Life and times
Novelist Michael Donkor
AS WELL AS WRITING, to earn my keep I teach English part-time at a girls’ school in west London. The final few weeks of the academic year can feel a little shapeless, but the predictability of certain annual fixtures – sports day, for example – gives some sense of order. Because I’m not a member of the PE department, sports day is a jolly, relaxed affair. Rather than competitive, the mood is carnivalesque; rather than suited and booted, staff are short-ed and flip-flop-ed; the girls don weird and wonderful costumes – mermaid tails and unicorn horns; staff race against students, students win. This year’s festivities went with an especial swing: an IT support officer proved to be an able DJ, flooding the playing field with Abba, Britney, Michael Jackson. As well as, erm, assiduously attending to my ‘crowd control’ responsibilities, I spent much of the afternoon dissecting the power dynamics at work in Love Island and being taught how to do that tricky flossing dance by the Year 12s.
IT WAS THE LAUNCH PARTY for my debut novel, Hold, recently, so I went to Klassique, an Afro-caribbean barber’s in Brixton, to get myself smartened up. The scissorsmiths at Klassique are the only people I’ve trusted with my hair for the past decade. The familiarity is soothing and no one makes appointments; you turn up and wait, squashed in next to blank teens liking things on Instagram and elderly men eating patties sheathed in brown paper bags. Most men will be involved in debates in Jamaican patois or watching the television in the corner of the shop. Sometimes people stare out of the window at the craft beer shop opposite – that stalwart of the gentrified locale – and criticise the ludicrous pricing of pints.
When it’s finally my turn, because I’m almost always seen by Glen – a wise, wiry gentleman who calls me ‘Teach’ – I don’t need to give directions. Glen is a magical multitasker. While he expertly does my fade haircut, working the clippers around my scalp instinctively, he chats on his phone and shoos away the characters who walk in off the street to sell dodgy perfume. He flirts with the mums who bring in their little boys for a trim. He negotiates with his own kids as they demand sweets, coins. He welcomes in – and puts at ease – nervous white customers.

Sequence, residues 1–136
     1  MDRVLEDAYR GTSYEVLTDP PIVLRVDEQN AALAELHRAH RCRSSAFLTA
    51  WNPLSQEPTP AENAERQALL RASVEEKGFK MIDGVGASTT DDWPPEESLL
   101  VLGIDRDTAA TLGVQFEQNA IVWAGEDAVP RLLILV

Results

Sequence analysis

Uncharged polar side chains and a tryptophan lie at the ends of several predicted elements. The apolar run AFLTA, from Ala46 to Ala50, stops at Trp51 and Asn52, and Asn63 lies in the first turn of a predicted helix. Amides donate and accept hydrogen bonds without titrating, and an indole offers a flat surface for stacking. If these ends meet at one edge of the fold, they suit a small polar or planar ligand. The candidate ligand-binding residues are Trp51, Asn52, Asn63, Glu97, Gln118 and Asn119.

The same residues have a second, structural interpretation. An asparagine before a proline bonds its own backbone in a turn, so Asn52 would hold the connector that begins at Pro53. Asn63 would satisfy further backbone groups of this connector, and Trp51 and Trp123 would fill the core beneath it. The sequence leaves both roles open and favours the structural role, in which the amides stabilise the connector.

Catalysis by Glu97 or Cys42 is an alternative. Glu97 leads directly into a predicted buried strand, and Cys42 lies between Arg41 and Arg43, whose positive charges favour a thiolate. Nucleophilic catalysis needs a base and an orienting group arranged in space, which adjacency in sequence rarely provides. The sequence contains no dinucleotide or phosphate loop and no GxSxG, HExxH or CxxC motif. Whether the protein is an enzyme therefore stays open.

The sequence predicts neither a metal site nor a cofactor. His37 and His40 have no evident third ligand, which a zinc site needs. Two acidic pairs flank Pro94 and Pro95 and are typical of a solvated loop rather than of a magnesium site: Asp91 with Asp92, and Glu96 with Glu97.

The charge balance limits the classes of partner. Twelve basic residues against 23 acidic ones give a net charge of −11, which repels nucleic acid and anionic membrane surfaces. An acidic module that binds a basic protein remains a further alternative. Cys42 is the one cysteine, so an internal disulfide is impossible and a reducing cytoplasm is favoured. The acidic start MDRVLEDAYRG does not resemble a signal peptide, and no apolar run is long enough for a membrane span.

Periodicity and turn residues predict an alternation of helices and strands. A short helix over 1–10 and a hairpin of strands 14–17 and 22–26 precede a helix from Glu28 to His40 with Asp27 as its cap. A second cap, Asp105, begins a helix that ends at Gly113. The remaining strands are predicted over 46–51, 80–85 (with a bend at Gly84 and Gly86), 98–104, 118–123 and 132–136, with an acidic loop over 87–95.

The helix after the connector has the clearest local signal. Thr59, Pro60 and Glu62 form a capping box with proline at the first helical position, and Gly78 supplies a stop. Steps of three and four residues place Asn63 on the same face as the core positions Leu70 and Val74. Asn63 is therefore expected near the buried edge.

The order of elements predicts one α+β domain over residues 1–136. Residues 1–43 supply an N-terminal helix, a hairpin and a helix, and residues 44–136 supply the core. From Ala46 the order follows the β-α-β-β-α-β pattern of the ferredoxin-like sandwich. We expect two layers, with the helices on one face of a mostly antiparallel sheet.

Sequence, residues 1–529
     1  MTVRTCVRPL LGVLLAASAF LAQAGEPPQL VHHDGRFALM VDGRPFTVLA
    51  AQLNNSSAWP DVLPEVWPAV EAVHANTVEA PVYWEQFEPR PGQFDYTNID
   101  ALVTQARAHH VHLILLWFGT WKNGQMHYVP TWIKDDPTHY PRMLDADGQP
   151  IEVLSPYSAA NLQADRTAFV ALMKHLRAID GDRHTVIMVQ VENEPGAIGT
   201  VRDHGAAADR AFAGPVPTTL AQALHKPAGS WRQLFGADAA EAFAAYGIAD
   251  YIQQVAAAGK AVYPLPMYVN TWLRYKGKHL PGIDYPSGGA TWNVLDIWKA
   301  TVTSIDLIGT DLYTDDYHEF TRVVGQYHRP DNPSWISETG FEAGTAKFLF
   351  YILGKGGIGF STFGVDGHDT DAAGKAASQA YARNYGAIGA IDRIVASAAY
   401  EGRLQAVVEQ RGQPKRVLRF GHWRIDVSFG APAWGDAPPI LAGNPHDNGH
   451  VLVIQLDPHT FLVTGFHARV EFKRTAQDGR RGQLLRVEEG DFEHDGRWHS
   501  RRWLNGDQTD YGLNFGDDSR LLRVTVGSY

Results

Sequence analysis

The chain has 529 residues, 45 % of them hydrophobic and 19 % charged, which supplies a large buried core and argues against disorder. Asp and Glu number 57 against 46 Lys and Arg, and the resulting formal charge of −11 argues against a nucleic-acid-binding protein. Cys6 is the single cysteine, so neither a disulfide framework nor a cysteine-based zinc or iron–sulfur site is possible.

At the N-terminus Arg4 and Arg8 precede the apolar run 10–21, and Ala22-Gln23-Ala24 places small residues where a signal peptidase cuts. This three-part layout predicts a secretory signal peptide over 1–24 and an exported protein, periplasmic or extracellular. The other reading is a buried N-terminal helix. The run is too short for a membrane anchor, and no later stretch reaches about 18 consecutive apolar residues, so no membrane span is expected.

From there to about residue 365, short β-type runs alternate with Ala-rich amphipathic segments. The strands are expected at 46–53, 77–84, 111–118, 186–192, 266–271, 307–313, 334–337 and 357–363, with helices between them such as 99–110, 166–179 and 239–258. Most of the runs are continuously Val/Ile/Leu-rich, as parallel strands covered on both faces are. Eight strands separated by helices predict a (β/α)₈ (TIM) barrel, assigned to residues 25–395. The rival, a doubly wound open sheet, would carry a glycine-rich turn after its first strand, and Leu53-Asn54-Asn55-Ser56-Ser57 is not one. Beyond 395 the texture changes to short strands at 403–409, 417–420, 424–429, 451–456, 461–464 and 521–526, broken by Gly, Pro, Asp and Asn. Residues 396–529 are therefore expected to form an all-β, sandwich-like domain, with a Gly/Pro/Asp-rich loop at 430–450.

BECAUSE I’M IN my early 30s, I seem to spend all of my weekends at weddings – including my own. I got married to my wonderful husband Patrick in Lisbon in May. I wore a vivid purple suit and the whole day was luminous. In the frenetic run-up, composing my speech was one of the most agonising jobs. Friends would say, ‘Oh, but you’re a writer! You’re so good with words’ – but this unhelpful expectation of easy success made me feel even more nervous.
The wedding speech is an odd form. There’s a demand that it be concise but it can’t be glib. It’s got to bawdily entertain well-lubricated guests. It’s got to be personal but ‘relatable’. In the end, I decided to write about how the experience of grieving for my father, who died eight years ago, brought my husband and me closer together. I tried to phrase my thoughts in honest sentences that felt natural and would be easy to say. There are many things I will always remember about delivering the speech: the grounding embrace my husband gave me; the indigo of the sky overhead as I spoke. How fiercely I concentrated on the pages in my shaking hands. The moment I looked up and caught sight of everyone’s twinkling, tear-filled eyes. Michael Donkor’s novel, Hold, is out now (Fourth Estate, £12.99)